Five or so years ago, as if to entice me to peruse its pages, it called to me from its prominent position in a book shelf in my father’s home in Northcentral Florida, the place, ironically, that is the setting of much of the novel, A Land Remembered, written by Patrick D. Smith, and published by Pineapple Press in 1984 has been dubbed the quintessential Florida story.
Passed down to my father by one of his sisters, and to her by someone else, it is a book that passes from hand to hand, a book as immortal as Laura Ingalls Wilder’s Little House on the Prairie; as masterful as Harper Lee’s To Kill a Mockingbird; as truthful as Marjorie Rawlings’ The Yearling—all of that as well as introductory pages as good as any that I have ever read, a chapter that has it all: a synopsis of the entire story; full-bodied characterizations; accurate depiction of its natural settings; thoroughly researched history; intriguing plot. It is the envy of writers everywhere.
That long ago visit to my father was occasioned by way of a road trip from my home in Columbus, Ohio to his in Interlachen, Florida, that time a journey shared by just my sister Sherri and me, the two of us taking turns at the wheel, and on the way home, also taking turns turning the pages of A Land Remembered. It was the quietest road trip of my life, one of us at the wheel, the other with her face buried in the book, we spoke barely a word to each other during all of those long hours. Having had a jump start on Sherri since I had begun the book prior to our leaving our father’s home, I finished it—I don’t know if Sherri ever did. It ended up in my possession, however, and there it will stay—a treasured compliment to my home library, as are all of his books currently in print.
This best-selling historical novel follows three generations of the MacIvey family, like the book’s author, transplants from Georgia to Florida, pioneering people in Florida’s hardscrabble interior who scratch a living from the unforgiving land and conquer it, and emerge as pre-eminent real estate tycoons of the state. A must-read for lovers of history, A Land Remembered is also available in a two-volume young reader’s version accompanied by a teacher’s manual, a necessity since it is taught in many schools in Florida. Spanning the years of 1858 to 1968, in words alive with the wild beauty and challenge of that bygone era of Florida, it portrays a life and a landscape unknown to most people of today.
Although A Land Remembered is his most popular work, Smith has written other novels, a book of nonfiction, and a collection of short stories. The River is Home, his first, chronicles a poor Mississippi family’s struggles against encroachment on their beloved rural land. Adapted into a motion picture, the powerful and moving Angel City is an exposé on migrant workers in Florida during the 1970s. Currently the two novels are printed in one volume. Forever Island and Allapattah (Seminole for “crocodile”) tell stories of one of Smith’s favorite subjects, Florida’s Seminole Indians, the former, known as the classic novel of the Everglades, its protagonist, Seminole Indian Charlie Jumper clings to the traditions of his people and passes them down to his grandson; the latter, a story of a young Seminole at odds with the world of the whites. These two novels are also available in one volume.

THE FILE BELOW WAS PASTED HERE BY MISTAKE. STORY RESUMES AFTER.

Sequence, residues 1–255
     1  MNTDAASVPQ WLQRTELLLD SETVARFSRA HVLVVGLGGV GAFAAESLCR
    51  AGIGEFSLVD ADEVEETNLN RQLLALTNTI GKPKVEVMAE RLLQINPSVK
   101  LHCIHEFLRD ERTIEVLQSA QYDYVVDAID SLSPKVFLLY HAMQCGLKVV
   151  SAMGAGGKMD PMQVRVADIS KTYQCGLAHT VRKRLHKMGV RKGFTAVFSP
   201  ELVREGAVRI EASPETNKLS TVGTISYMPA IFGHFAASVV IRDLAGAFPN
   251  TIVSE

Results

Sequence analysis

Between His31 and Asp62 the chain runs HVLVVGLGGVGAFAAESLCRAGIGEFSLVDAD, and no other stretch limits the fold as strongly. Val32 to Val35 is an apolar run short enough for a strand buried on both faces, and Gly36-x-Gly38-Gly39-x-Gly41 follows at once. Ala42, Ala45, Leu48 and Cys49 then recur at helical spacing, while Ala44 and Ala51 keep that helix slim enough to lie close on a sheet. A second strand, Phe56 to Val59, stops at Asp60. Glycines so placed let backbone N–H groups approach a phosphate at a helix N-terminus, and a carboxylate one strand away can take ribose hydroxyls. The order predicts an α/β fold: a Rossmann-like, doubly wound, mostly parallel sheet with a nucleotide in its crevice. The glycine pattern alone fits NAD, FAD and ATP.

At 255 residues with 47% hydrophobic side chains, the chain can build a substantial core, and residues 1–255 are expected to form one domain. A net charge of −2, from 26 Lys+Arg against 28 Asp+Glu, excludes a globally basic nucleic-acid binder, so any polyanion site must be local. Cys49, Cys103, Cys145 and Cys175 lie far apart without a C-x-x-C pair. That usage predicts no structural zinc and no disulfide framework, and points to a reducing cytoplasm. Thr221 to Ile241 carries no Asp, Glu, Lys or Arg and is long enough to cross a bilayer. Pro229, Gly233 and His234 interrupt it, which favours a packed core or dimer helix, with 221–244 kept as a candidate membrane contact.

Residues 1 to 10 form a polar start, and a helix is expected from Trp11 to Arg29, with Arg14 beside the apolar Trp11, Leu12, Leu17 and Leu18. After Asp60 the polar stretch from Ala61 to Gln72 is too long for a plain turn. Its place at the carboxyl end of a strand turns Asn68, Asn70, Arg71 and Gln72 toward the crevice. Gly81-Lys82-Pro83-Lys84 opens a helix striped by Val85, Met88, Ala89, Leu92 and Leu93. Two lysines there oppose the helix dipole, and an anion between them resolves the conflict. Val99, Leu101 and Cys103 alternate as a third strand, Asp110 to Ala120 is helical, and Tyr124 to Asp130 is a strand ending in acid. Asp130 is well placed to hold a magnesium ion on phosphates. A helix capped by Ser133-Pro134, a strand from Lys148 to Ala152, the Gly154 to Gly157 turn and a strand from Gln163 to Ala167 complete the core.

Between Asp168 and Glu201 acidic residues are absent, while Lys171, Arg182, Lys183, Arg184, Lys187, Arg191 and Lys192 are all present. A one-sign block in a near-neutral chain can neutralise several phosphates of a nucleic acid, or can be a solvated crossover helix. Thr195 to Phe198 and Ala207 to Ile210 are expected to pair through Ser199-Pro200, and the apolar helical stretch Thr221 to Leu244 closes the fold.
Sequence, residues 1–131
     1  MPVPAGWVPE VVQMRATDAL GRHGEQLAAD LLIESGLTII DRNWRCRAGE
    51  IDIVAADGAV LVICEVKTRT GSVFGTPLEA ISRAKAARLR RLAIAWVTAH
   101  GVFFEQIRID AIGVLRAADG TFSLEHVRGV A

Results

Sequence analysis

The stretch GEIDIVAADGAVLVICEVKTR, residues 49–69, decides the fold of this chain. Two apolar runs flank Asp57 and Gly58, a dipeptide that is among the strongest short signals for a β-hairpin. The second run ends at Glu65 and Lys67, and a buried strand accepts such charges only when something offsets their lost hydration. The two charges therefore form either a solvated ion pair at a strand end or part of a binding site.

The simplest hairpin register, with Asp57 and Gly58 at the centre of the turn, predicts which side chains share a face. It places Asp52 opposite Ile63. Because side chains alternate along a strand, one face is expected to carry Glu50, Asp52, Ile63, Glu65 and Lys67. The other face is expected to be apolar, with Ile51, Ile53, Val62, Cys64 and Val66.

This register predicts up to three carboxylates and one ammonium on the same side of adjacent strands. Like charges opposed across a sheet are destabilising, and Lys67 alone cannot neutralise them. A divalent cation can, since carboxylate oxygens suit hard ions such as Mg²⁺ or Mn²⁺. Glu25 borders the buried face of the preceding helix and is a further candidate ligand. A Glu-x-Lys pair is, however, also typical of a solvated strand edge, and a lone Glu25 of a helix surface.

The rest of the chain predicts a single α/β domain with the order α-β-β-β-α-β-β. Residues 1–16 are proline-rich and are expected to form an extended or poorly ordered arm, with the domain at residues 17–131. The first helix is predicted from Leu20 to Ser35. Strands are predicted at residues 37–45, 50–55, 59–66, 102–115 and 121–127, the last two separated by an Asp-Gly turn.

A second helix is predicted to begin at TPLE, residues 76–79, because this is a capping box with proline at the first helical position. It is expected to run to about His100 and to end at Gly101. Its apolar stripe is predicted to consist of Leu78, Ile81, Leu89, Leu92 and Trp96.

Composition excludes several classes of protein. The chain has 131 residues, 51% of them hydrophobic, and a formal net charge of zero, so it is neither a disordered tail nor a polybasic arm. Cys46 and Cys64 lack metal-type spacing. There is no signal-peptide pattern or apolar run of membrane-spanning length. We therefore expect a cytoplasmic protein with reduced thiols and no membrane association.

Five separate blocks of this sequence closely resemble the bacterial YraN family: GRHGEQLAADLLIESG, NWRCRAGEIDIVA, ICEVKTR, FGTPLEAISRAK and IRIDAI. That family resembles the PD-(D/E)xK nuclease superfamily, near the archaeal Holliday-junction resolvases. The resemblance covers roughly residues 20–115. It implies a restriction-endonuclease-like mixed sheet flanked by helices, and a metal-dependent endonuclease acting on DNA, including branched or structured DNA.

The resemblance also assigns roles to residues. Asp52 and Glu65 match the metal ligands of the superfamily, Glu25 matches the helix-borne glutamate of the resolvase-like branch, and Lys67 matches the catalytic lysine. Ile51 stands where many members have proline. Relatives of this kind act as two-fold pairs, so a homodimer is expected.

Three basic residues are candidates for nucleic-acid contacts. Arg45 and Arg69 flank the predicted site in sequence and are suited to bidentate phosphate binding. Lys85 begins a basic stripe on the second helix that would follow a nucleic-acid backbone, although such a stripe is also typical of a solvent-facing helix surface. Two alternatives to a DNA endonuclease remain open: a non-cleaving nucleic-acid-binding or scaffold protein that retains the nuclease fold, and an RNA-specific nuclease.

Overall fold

A southerner, Mississippi-born, -bred, and -educated, as a young man Smith emigrated to Florida by way of Georgia, and in Florida he has stayed. In 1988 retiring from Brevard Community College in Cocoa where he had worked as the director of college relations, his retirement years have been hectic with speaking engagements, his topic centered on how literature can better the world, he inspires audiences of all ages.
Recently, I read A Land Remembered again, my interest aroused this time by an article in the March 3rd edition of the Tampa Bay Times that I came across during a visit with my sister Susan in Crystal Beach, Florida on the Gulf Coast of the state, a piece titled, For ‘A Land Remembered’ and more, author honored. Penned by Times Book Editor, Colette Bancroft, the opening paragraph of the piece states: Novelist Patrick D. Smith is the winner of the 2012 Florida Lifetime Achievement Award for Writing.
The award presented on March 21st at a luncheon at the Governor’s Mansion in Tallahassee, Smith was unable to attend, the 84 year old writer having been homebound for a while due to injuries sustained in a fall three years ago. By telephone from his home in Merritt Island that he shares with his wife, Smith said, I’m real thrilled. This is a real nice award.
Patrick D. Smith is no stranger to winning awards for his writing. In addition to having been selected in 1996 by the Southern Academy of Letters, Arts and Sciences for its highest literary award, and having been inducted into the Florida Artists Hall of Fame in 1999, Florida’s most esteemed cultural award, A Land Remembered has been designated as Florida’s most outstanding historical novel, winning the Florida Historical Society’s Tebeau Prize. The organization in 2002 also gave Smith its one-time-only Fay Schweim award for Greatest Living Floridian.
Books by Patrick D. Smith, published by Pineapple Press can be obtained by mail at P. O. Box 3889, Sarasota, Florida 34230; by telephone at 1-800-746-3275; or online at www.pineapplepress.com.
An award-winning artist, Linda’s artwork can be viewed at www.gallery-llgreene.com.
A best-selling author, Linda’s next novel, Guardians and Other Angels, will be available in the near future at Amazon.com and at Barnes & Noble.com.